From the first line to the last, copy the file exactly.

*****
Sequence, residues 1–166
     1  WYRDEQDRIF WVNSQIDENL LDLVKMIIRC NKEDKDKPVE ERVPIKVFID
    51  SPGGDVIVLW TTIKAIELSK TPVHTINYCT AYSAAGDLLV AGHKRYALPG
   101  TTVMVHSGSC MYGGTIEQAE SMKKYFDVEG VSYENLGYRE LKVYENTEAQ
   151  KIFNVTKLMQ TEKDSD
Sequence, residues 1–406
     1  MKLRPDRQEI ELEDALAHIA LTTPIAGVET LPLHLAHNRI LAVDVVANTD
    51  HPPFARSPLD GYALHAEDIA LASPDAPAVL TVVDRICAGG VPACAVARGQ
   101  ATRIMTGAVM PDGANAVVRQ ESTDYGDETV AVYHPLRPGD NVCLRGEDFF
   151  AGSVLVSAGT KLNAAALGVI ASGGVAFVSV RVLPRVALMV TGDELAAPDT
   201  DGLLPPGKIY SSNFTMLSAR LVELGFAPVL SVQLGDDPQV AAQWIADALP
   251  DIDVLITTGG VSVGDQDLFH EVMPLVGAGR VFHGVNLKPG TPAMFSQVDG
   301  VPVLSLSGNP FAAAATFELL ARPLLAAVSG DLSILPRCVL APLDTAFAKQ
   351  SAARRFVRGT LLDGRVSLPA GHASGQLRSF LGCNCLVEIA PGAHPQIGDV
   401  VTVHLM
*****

Sequence, residues 1–166
     1  WYRDEQDRIF WVNSQIDENL LDLVKMIIRC NKEDKDKPVE ERVPIKVFID
    51  SPGGDVIVLW TTIKAIELSK TPVHTINYCT AYSAAGDLLV AGHKRYALPG
   101  TTVMVHSGSC MYGGTIEQAE SMKKYFDVEG VSYENLGYRE LKVYENTEAQ
   151  KIFNVTKLMQ TEKDSD
Sequence, residues 1–406
     1  MKLRPDRQEI ELEDALAHIA LTTPIAGVET LPLHLAHNRI LAVDVVANTD
    51  HPPFARSPLD GYALHAEDIA LASPDAPAVL TVVDRICAGG VPACAVARGQ
   101  ATRIMTGAVM PDGANAVVRQ ESTDYGDETV AVYHPLRPGD NVCLRGEDFF
   151  AGSVLVSAGT KLNAAALGVI ASGGVAFVSV RVLPRVALMV TGDELAAPDT
   201  DGLLPPGKIY SSNFTMLSAR LVELGFAPVL SVQLGDDPQV AAQWIADALP
   251  DIDVLITTGG VSVGDQDLFH EVMPLVGAGR VFHGVNLKPG TPAMFSQVDG
   301  VPVLSLSGNP FAAAATFELL ARPLLAAVSG DLSILPRCVL APLDTAFAKQ
   351  SAARRFVRGT LLDGRVSLPA GHASGQLRSF LGCNCLVEIA PGAHPQIGDV
   401  VTVHLM